Bus plea to council
Council under pressure after Glasgow’s free bus U-turn
South Lanarkshire Council have been challenged to scrap changes to free school bus provision after Glasgow City Council performed a dramatic u- turn on the issue.
The council agreed at the last month to extend the distance at which secondary pupils can get a bus from two miles to three.
South Lanarkshire Council have been challenged to “take a leaf out of Glasgow City’s book” and do a U-turn on their stance over the criteria for free bus travel.
Last week, Glasgow City Council’s Labour administration backed down on their decision to scrap free school buses for hundreds of children, which aimed to save it around £615,000.
Parents’ tireless campaigning to highlight the impact of the proposals on their kids, who were expected to use walking routes they deemed unsafe, paid off.
Now single mum Jackie Rinn, of Halfway, is congratulating Glasgow City Council and calling for South Lanarkshire to follow suit.
Jackie, who lives on Mill Road, is adamant she will keep daughter Ashley (12) away from Stonelaw High unless the council provide transport.
Last month, councillors agreed to extend the distance for secondary kids to receive free buses from two miles to three, although children entitled to free school meals will still be eligible.
Parents living in Westburn, Halfway, Overton, Cairns, Gilbertfield and parts of Drumsagard have all been left fuming at the plans.
Jackie (49) said: “Particularly approaching winter, there is no way there is a safe way to walk - and there are territorial issues up there.
“Glasgow City Council did the right thing by children and I think South Lanarkshire should follow suit. Consultation leaves a lot to be desired. After April, we are expected to get our children to school. It is dividing communities,” hit out Jackie.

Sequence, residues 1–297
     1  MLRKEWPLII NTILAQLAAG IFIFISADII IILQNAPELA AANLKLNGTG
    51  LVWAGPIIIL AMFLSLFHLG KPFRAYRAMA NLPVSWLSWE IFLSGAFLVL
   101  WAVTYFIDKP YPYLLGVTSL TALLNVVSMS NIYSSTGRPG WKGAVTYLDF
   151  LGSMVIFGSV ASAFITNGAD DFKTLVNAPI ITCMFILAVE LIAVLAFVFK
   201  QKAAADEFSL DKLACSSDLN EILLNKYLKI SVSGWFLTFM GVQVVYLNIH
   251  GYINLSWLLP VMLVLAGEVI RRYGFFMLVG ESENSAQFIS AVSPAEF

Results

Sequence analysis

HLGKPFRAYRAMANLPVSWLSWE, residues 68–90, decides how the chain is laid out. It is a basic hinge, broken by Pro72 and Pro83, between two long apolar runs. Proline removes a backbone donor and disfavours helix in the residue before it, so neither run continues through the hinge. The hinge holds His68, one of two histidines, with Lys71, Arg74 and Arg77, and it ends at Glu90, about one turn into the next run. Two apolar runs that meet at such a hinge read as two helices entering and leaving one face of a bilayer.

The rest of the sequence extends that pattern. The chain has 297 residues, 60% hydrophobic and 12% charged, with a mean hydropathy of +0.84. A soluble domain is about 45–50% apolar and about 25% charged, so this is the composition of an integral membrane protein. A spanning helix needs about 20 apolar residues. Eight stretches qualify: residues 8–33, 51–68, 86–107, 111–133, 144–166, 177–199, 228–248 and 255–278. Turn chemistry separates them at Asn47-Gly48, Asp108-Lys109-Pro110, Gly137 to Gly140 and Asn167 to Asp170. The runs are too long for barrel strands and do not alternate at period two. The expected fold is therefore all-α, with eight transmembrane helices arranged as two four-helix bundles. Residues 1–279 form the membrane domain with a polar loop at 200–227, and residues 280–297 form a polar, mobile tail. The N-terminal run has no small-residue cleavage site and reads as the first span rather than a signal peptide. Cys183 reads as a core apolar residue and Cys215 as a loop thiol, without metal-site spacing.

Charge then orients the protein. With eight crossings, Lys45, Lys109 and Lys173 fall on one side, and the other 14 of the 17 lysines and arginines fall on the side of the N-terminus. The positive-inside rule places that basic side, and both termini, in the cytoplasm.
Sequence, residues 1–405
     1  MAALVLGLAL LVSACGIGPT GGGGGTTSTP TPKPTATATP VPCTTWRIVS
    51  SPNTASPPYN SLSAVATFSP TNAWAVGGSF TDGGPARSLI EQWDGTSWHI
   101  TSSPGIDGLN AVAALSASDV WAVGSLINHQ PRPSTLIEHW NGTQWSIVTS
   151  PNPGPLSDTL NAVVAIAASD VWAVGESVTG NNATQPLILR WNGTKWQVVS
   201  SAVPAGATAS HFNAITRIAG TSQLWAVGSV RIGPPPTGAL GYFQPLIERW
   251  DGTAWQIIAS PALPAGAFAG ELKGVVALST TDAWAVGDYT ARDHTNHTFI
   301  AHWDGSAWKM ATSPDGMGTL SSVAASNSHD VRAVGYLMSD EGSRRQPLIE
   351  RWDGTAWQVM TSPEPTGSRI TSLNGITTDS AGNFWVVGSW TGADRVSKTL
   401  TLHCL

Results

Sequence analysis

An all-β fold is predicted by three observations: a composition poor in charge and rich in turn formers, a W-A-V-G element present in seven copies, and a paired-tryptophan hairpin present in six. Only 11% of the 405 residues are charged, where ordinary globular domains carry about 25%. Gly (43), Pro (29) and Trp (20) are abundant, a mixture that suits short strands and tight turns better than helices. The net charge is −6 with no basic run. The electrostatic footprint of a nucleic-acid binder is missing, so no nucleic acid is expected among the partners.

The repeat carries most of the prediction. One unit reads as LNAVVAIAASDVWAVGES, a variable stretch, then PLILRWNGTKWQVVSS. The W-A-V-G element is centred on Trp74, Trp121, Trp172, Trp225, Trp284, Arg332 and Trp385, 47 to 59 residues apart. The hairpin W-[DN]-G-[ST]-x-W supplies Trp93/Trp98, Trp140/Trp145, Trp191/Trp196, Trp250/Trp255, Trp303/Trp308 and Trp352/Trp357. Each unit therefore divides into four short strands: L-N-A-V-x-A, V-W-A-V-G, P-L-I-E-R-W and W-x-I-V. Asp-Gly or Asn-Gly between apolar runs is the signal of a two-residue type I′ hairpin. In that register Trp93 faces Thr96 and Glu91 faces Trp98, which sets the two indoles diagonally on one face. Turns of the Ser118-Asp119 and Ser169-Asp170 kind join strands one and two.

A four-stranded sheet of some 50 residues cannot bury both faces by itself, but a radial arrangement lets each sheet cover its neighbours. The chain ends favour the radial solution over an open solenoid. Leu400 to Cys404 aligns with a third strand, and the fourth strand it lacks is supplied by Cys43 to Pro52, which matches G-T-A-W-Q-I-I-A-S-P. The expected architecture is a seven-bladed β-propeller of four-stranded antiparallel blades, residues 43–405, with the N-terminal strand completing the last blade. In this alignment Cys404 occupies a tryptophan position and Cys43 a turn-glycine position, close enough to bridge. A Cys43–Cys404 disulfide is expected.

“I am a Labour supporter but I will not be voting for them. They have been told this issue will affect them at every level. There have been a number of crashes on so-called safe walking routes. We have been fighting over this for eight months now. I am totally disgusted with South Lanarkshire Council and the Labour party.”
Jackie, who says it would take Ashley at least an hour to walk to school, added: “I am really quite hurt that people I voted for personally are not in support of their constituents. South Lanarkshire Council could find other ways to make savings. They put on big functions for golden wedding anniversaries, and I’m sure grandparents would rather see grandkids getting to school safely.”
An online petition collected nearly 5000 signatures and 900 people have lodged objections.
John Edgar, chair of Halfway Community Council questioned why Glasgow City - who have a £100m deficit - can reverse their decision, yet SLC with a £30m shortfall cannot: “We are asking South Lanarkshire Council to have a change of heart as well.
“Hopefully, they will see sense and keep the buses on.”
Pointing out that SLC has built 125 new schools with more in the pipeline, an adamant council leader Eddie McAvoy said the buses decision has been made and will not be back tracked.
“There is not £ 1million available to reverse that decision,” he insisted. “There is no room for manoeuvre. The Scottish Government made our decision for us with a £3.5m cut in grant.”
Bus stop Parents and children have campaigned against the changes